HARARE – United Nations resident representative to Zimbabwe Agostinho Zacharias has said the country could become a failed state in the mould of anarchic Somalia if current efforts to create a power-sharing government between President Robert Mugabe and the opposition flop.
Zacharias told a delegation of prominent figures led by former UN Secretary General Kofi Annan that visited southern Africa a week ago to assess Zimbabwe’s escalating humanitarian crisis that Mugabe was interested in protecting his legacy and that of his ruling ZANU PF party.
He said power-sharing talks between ZANU PF and the opposition had not fully addressed the issue of what would happen to Mugabe and his lieutenants should they agree to give up power, hinting this was one issue also blocking quick resolution of Zimbabwe’s political crisis.
"When asked by Mr Annan what would be the future of Zimbabwe were no political agreement reached, Mr Zacharias replied that it would become a "Somalia", a failed state," Annan’s delegation said in a report made available to ZimOnline Sunday.
Annan, former US President Jimmy Carter and Nelson Mandela's wife, Graca Machel, who are part of a group of prominent figures and former statesmen called The Elders, had planned to visit Zimbabwe from November 21 to 22 but were refused entry.
The Elders however proceeded to make an assessment of the country’s humanitarian crisis from Johannesburg, using information gathered during several meetings with representatives of regional governments, political leaders, aid agencies, business and civil society representatives from Zimbabwe.
Zacharias spoke to the Elders delegation during a meeting also attended by World Food Programme representative Alberto Mendes, acting UNICEF representative Roeland Monasch and the International Organisation for Migration’s Marcelo Pisani.
"When asked what President Mugabe wants, Mr Zacharias explained that his interest is that of protecting his legacy and that of his political party. At one point negotiators had proposed that he be appointed the founding President of Zimbabwe to protect him from prosecution, and that he enjoy this status of life," the Elders’ report said.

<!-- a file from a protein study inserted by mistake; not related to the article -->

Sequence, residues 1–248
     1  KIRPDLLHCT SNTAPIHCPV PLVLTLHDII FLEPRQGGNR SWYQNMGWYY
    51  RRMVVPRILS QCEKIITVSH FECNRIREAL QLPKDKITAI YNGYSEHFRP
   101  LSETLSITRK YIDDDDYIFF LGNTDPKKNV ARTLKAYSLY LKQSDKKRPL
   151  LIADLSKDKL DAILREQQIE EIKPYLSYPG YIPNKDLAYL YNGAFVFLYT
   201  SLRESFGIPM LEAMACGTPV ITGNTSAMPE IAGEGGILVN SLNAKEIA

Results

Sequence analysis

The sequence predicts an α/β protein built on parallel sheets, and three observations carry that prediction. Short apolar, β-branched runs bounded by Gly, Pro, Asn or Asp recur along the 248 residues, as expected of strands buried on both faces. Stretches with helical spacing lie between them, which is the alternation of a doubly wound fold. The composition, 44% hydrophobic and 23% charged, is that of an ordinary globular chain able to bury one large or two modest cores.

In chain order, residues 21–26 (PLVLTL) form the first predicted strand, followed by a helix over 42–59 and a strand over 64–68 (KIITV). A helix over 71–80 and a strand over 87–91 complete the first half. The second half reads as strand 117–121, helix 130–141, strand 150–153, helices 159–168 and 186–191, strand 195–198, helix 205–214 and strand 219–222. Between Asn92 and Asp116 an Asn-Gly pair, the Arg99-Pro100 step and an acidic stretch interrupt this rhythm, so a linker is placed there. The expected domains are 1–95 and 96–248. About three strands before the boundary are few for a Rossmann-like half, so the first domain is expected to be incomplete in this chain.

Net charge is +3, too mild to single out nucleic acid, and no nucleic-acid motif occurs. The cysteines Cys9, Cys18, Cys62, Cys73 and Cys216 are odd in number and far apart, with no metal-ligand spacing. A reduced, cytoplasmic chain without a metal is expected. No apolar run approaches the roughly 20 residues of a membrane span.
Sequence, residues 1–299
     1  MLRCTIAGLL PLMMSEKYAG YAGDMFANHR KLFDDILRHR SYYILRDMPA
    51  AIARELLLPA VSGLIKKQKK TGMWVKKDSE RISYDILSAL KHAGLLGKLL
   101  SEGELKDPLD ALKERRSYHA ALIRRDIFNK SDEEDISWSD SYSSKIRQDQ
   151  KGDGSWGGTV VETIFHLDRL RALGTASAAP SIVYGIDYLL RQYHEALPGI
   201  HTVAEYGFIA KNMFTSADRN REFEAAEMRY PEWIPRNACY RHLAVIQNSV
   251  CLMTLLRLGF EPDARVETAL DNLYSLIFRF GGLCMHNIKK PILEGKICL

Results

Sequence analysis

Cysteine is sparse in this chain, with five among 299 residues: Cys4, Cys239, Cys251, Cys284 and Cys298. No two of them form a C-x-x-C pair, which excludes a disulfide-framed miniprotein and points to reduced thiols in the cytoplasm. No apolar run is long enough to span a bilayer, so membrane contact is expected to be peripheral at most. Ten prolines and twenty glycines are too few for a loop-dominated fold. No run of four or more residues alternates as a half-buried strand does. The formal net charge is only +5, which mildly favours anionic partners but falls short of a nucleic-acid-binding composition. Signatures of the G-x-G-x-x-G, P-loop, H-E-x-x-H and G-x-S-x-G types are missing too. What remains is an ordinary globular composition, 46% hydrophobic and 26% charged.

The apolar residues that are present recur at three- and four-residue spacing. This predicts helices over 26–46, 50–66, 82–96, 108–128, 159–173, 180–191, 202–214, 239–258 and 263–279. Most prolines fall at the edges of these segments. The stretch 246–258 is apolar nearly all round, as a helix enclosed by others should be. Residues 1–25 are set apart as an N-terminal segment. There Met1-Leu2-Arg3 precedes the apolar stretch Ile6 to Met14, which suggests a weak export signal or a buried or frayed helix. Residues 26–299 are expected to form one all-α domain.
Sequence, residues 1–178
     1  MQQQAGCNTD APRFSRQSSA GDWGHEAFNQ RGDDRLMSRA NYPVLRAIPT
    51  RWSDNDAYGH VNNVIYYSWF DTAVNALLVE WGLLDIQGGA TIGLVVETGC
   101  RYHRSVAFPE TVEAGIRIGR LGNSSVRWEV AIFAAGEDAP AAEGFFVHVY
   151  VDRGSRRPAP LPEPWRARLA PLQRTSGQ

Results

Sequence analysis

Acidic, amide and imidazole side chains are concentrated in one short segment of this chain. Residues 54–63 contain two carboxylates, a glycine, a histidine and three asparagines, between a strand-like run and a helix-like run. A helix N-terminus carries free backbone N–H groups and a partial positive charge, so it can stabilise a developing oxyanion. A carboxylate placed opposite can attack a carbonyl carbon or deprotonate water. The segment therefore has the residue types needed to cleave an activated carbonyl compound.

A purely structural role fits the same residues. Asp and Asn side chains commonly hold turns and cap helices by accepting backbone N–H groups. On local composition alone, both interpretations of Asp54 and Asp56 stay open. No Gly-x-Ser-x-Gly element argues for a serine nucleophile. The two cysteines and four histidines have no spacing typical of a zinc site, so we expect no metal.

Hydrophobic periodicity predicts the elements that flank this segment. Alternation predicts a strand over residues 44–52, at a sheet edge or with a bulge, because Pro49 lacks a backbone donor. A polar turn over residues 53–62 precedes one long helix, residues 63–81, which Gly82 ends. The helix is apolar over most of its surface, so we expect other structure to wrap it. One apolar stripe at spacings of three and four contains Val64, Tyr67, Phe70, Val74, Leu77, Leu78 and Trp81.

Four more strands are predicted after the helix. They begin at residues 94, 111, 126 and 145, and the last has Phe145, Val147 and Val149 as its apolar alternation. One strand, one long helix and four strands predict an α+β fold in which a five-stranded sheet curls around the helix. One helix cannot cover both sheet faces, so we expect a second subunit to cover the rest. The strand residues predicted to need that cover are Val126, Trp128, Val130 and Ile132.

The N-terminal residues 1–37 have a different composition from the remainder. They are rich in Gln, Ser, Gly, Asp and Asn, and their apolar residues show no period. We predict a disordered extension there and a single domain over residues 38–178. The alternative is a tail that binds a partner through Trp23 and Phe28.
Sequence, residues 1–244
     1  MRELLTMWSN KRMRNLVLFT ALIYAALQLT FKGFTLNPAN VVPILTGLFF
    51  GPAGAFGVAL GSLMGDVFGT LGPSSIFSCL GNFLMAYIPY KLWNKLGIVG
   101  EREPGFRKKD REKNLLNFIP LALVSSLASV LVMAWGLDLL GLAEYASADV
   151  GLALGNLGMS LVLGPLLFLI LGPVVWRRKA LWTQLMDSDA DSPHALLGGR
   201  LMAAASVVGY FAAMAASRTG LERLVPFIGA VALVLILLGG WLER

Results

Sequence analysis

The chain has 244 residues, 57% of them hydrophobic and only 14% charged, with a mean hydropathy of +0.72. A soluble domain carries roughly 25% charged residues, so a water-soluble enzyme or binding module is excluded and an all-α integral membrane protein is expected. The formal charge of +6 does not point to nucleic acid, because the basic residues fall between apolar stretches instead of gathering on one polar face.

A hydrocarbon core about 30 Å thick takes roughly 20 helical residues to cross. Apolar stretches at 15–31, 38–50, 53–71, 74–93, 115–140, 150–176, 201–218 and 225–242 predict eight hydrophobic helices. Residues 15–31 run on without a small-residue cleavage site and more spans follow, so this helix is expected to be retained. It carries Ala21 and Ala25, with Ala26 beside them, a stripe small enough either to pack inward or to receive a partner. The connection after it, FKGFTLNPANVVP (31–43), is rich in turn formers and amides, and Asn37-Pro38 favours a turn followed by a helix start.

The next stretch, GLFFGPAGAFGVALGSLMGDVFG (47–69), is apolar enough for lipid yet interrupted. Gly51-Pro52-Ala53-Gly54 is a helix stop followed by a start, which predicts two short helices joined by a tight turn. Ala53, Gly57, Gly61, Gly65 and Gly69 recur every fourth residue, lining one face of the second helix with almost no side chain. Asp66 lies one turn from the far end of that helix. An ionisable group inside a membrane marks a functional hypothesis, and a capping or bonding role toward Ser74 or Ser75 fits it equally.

The report said Machel inquired whether there was more at stake than simply trying to ensure Mugabe's immunity from prosecution for human rights abuses and other wrongs committed during his nearly three decades in power.
"Mr Zacharias concurred that President Mugabe is a brand name, but that there are many others behind him who must also be protected,” the report said.
It said it was generally agreed that many ZANU PF leaders fear being prosecuted for past wrongdoings and that this "issue has not yet been fully addressed in power sharing talks”.
Annan’s group said that while it was desirable that Mugabe – whose controversial policies are blamed for ruining once prosperous Zimbabwe – steps down from power, his exit would have to be managed carefully or it could create a “power vacuum that would cause worse violence".
Zimbabwe’s rival political parties last Thursday signed a draft constitutional bill that – once passed by Parliament – will allow Mugabe to form a new unity government outlined under a September 15 power-sharing deal.
However a unity government is unlikely to be established anytime soon because of a variety of other issues that the main opposition MDC formation led by Morgan Tsvangirai wants resolved before it can agree to join the government.
Tsvangirai’s party, which holds the most seats in Parliament and could very easily block passage of the constitutional amendment, wants further discussions on the sharing of key ministerial posts, distribution of gubernatorial posts, ambassadorships and other top government posts.
Analysts say a unity government would be best placed to tackle a severe economic crisis ravaging Zimbabwe and seen in the world’s highest inflation rate of 231 million percent, acute shortages of food and basic commodities. – ZimOnline